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Watson v. New York State Dep't of Motor Vehicles

United States District Court, S.D. New York

May 31, 2017

CAREEMA WATSON, Plaintiff,
v.
NEW YORK STATE DEP'T OF MOTOR VEHICLES, Defendant.

          Attorney for Plaintiff Plaintiff, pro se Careema Watson

          Attorney for Defendant ERIC T. SCHNEIDERMAN Attorney General of the State of New York By: David P. Holgado

          OPINION

          ROBERT W. SWEET U.S.D.J.

         Defendant New York State Department of Motor Vehicles ("DMV" or the "Defendant") has moved pursuant to Fed.R.Civ.P. 12(b) (1) to dismiss the complaint of Plaintiff Careema Watson ("Watson" or the "Plaintiff") (the "Complaint") for lack of subject matter jurisdiction. The Complaint alleges that the DMV violated the Americans with Disabilities Act, 42 U.S.C. §§ 12112-17 ("ADA"), the New York State Human Rights Law, N.Y. Exec. L. §§ 290-97 ("NYSHRL"), and the New York City Human Rights Law, N.Y. City Admin. Code §§ 8-101-131 ("NYCHRL"). (See Compl. at 1, Dkt. 2.) Specifically, Watson alleges that the DMV failed to accommodate her alleged disability of epilepsy and lupus and proceeded to wrongfully terminate her employment. (See Compl. at 2, 9, 12-13.) For the following reasons, the Defendant's motion is granted and the Complaint is dismissed with leave to replead within 20 days.

         Prior Proceedings

         Plaintiff filed the instant Complaint on September 26, 2016. (Dkt. 2.) On February 14, 2017, Defendant moved the instant motion to dismiss. (Dkt. 9.) The motion was taken on submission and marked fully submitted on April 21, 2017.

         Legal Standard

         "The inquiry on a motion to dismiss for lack of subject matter jurisdiction under Rule 12(b)(1) concerns whether the district court has the statutory or constitutional power to adjudicate the case." Jackson v. N.Y.S. Dep't of Labor, 709 F.Supp.2d 218, 223 (S.D.N.Y. 2010) (citing Makarova v. United States, 201 F.3d 110, 113 (2d Cir. 2000)). "[J]urisdiction must be shown affirmatively, and that showing is not made by drawing from the pleadings inferences favorable to the party asserting it." Id. (quoting Shipping Fin. Servs. Corp. v. Drakos, 140 F.3d 129, 131 (2d Cir. 1998)).

         Plaintiff's Complaint Is Dismissed With Leave To Replead

         The Eleventh Amendment to the United States Constitution precludes federal courts from entertaining lawsuits by individuals against the States and state agencies. Kimel v. Fla. Bd. of Regents, 528 U.S. 62, 72-73 (2000); Seminole Tribe v. Fla., 517 U.S. 44, 54 (1996); Papasan v. Allain, 478 U.S. 265, 276 (1986); Pennhurst State Sch. & Hosp. v. Halderman, 465 U.S. 89, 100 (1984) (state agencies are entitled to sovereign immunity). New York State has neither waived, nor has Congress abrogated, New York States' immunity with respect to claims arising from the ADA, NYSHRL, or HYCHRL-the very claims that constitute the instant Complaint. See Nicolae v. Office of Vocational & Educ. Servs. for Individuals with Disabilities, 257 Fed.App'x 455, 456-57 (2d Cir. 2007) (citations omitted) (upholding dismissal of ADA claim for lack of subject matter jurisdiction); Jackson v. NYS Pep't of Labor, 709 F.Supp.2d 218, 226 (S.D.N.Y. 2010) (holding the same for claims brought under the NYSHRL and NYCHRL). As the DMV is a state entity for purposes of Eleventh Amendment immunity, and the Complaint has only been brought against the DMV, the Complaint must be dismissed. See O'Diah v. N.Y.C, No. 02 Civ. 274 (DLC), 2002 WL 1941179, at *6 (S.D.N.Y. Aug. 21, 2002) (collecting cases).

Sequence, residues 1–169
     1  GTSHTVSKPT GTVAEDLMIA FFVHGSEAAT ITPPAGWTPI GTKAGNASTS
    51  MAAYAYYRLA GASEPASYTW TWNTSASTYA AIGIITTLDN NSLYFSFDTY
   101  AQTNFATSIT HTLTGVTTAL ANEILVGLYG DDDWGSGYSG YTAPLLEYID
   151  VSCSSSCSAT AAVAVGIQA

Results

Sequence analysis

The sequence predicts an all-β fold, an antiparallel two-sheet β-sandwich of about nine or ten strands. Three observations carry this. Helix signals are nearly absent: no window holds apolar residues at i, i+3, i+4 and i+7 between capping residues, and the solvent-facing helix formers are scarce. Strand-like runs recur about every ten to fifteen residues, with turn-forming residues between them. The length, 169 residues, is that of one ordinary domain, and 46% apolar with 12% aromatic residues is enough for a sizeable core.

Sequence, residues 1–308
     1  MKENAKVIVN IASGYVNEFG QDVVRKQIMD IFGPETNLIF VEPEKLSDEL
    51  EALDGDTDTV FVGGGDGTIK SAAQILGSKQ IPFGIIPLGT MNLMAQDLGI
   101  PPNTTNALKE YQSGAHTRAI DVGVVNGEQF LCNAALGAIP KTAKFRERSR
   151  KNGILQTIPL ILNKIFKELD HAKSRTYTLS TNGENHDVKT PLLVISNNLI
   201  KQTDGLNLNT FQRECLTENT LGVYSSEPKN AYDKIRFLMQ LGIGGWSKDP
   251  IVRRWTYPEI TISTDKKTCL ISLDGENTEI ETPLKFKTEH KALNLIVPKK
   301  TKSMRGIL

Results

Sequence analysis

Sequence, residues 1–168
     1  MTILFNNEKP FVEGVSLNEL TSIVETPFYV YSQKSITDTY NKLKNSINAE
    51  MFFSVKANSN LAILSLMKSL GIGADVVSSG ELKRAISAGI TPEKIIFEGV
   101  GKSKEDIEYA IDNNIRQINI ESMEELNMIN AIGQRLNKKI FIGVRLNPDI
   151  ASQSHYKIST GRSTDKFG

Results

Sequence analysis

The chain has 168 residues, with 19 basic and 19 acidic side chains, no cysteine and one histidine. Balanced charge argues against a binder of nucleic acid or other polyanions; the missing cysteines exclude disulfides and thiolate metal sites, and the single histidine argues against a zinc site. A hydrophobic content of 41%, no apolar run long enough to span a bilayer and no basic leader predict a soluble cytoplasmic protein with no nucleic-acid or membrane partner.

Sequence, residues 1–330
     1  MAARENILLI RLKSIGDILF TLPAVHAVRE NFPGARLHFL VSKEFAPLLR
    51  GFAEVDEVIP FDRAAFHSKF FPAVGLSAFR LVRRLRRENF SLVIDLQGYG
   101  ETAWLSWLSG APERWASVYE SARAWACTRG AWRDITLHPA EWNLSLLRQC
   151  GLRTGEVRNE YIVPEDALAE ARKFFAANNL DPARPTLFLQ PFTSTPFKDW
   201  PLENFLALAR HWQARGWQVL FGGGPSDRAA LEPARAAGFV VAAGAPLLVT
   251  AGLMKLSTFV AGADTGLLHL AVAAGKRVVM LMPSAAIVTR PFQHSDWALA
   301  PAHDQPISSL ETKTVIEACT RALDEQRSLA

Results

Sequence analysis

"Generally, leave to amend should be freely given, and a pro se litigant in particular should be afforded every reasonable opportunity to demonstrate that he has a valid claim." Nielsen v. Rabin, 746 F.3d 58, 62 (2d Cir. 2014) (quoting Matima v. Celli, 228 F.3d 68, 81 (2d Cir. 2000)). "A pro se complaint should not be dismissed without the Court granting leave to amend at least once when a liberal reading of the complaint gives any indication that a valid claim might be stated." Id. (quoting Chavis v. Chappius, 618 F.3d 162, 170 (2d Cir. 2010)). Taking into account Plaintiff's pro se status and the nature of her claims, the Court grants Plaintiff leave to replead within 20 days. See Fed.R.Civ.P. 15(a) (2) (A court "should freely give leave" to amend "when justice so requires."). Any future repleading should show that this Court may exercise subject matter jurisdiction over the claims, such as by naming in the complaint individual defendants responsible for unlawful actions alleged and specifying the factual basis for any claim made. See Ying Jing Gan v. City of N.Y., 996 F.3d 522, 529 (2d Cir. 1993) ("As to a claim brought against [a state official] in his individual capacity . . . the state official has no Eleventh Amendment immunity.").

         Conclusion

         For the foregoing reasons, Defendant's motion to dismiss is granted and Plaintiff is granted ...


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